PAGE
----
An Argentinian man who has lived in Switzerland for ten years is allowed to stay in the country under the “right to a private life” clause in European Convention on Human Rights, the Swiss Federal Court has said.
The decision is an unusual one in that the man is a third country national - who doesn’t have the automatic right to stay in Switzerland under the country’s bilateral agreements with the European Union.
The case concerns a 41-year-old Argentine who married a German woman in 2004 and moved to be with her in Switzerland. He received a residence permit upon arrival. In 2008 the couple separated and the Zurich migration department withdrew the permit. The man later obtained residency to be with his Swiss partner, but this relationship also fell apart. The authorities again withdrew the permit. The man then protested the decision as he did not want to leave Switzerland.
He based his complaint on Article 8 of the European Convention on Human Rightsexternal link, the right to respect for private and family life, meaning that an individual has the right to decide over his or her private or family life. Canton Zurich administrative court rejected the appeal, arguing that since both relationships had ended there was no right to remain.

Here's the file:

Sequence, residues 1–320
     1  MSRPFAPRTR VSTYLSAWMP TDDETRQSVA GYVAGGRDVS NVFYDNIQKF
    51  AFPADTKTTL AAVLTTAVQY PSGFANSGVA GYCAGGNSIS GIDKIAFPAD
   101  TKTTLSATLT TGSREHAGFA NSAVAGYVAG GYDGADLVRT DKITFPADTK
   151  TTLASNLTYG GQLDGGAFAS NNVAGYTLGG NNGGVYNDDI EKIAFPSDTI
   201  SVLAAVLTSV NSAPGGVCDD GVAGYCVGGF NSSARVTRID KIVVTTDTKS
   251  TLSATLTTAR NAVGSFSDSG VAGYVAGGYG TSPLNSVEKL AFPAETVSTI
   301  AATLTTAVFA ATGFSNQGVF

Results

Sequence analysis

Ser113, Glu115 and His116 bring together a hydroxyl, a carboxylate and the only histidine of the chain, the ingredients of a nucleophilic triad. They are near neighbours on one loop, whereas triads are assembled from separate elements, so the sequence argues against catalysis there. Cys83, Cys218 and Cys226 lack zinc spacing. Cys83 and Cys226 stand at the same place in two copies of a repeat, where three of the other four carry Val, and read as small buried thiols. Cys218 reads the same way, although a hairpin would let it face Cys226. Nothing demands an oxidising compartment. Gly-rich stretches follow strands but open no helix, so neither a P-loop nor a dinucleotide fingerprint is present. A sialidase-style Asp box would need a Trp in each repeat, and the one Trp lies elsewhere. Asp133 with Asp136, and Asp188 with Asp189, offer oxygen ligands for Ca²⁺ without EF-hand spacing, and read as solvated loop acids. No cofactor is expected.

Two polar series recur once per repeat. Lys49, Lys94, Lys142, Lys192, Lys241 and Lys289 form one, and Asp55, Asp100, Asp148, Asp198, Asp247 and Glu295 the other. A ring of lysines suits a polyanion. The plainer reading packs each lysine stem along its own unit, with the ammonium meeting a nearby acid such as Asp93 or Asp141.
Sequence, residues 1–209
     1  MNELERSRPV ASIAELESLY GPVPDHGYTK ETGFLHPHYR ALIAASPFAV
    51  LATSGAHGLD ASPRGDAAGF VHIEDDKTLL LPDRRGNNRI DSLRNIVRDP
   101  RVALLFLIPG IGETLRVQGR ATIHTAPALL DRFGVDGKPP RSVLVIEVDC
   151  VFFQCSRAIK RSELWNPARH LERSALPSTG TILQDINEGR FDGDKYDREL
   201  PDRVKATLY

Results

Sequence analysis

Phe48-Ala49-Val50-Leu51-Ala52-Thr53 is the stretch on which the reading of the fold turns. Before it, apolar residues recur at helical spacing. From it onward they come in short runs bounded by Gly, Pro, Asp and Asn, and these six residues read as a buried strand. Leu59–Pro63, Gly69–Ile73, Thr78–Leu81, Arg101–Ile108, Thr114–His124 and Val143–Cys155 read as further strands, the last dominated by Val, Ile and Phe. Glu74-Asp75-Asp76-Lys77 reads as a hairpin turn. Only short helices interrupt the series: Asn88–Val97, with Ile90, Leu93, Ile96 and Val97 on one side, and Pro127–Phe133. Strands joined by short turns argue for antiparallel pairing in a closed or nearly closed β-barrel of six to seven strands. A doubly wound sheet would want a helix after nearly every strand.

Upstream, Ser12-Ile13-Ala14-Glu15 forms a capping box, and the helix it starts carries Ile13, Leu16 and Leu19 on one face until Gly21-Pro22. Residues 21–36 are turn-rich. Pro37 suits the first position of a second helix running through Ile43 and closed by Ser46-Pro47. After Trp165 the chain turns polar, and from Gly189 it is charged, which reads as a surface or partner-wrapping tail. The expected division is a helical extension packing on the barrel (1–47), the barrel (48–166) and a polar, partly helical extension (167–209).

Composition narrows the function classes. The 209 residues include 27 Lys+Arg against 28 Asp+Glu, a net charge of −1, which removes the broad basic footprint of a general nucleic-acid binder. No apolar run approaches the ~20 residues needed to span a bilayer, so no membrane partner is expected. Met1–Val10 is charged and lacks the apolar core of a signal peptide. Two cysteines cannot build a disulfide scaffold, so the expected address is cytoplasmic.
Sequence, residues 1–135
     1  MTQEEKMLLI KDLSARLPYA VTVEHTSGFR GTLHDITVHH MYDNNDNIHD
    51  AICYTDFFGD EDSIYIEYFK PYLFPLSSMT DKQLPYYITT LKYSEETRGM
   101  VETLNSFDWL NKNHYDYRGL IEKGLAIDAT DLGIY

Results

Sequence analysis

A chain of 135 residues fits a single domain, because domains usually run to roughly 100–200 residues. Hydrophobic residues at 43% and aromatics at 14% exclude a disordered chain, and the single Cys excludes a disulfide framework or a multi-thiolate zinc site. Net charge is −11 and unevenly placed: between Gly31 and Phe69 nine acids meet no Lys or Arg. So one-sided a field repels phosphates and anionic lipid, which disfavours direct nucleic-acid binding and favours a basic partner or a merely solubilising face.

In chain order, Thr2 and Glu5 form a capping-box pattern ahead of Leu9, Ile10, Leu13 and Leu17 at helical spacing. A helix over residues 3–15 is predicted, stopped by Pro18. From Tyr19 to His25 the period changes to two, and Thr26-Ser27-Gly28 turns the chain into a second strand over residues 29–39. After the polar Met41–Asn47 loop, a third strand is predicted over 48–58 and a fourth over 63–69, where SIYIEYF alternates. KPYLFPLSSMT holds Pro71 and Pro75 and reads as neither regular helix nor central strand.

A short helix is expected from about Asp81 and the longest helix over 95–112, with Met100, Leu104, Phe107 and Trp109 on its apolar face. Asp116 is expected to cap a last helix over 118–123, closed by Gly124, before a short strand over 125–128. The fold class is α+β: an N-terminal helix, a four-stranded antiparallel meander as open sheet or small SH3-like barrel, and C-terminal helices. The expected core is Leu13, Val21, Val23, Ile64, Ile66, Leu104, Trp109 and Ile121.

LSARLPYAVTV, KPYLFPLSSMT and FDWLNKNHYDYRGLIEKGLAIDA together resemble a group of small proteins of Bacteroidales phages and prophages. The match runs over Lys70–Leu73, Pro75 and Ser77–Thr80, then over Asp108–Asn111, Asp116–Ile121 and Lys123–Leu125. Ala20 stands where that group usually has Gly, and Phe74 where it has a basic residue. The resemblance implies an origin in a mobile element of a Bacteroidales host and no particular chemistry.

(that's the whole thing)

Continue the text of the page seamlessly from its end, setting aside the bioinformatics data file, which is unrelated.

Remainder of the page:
But the Swiss Federal Court took another view, in a ruling made public on Fridayexternal link and decided to extend the residency of the man.
Although it was in the interest of Switzerland to control migration, this was not a sufficient reason in cases of people who had already been in Switzerland for ten years and were “perfectly” integrated, the judges in Lausanne said. Depriving these people of residency would be an attack on the right to a private life, they ruled.
There is a public interest that Swiss firms are not deprived of highly qualified, well trained employees, the judgement added.
According to Swiss public television SRF, there have only been few rulings based on Article 8. “The judgement sets the bar higher for withdrawing residency of well-integrated people,” the article said.
In a statement, the court said that the ruling “had substantiated its practice when judging the residency rights of foreigners based solely on the Right to Private Life according to Article 8 of the European Convention on Human Rights”. Based on the Federal Act on Foreign Nationalsexternal link, it was clear the man would have not had the right to stay, the statement added.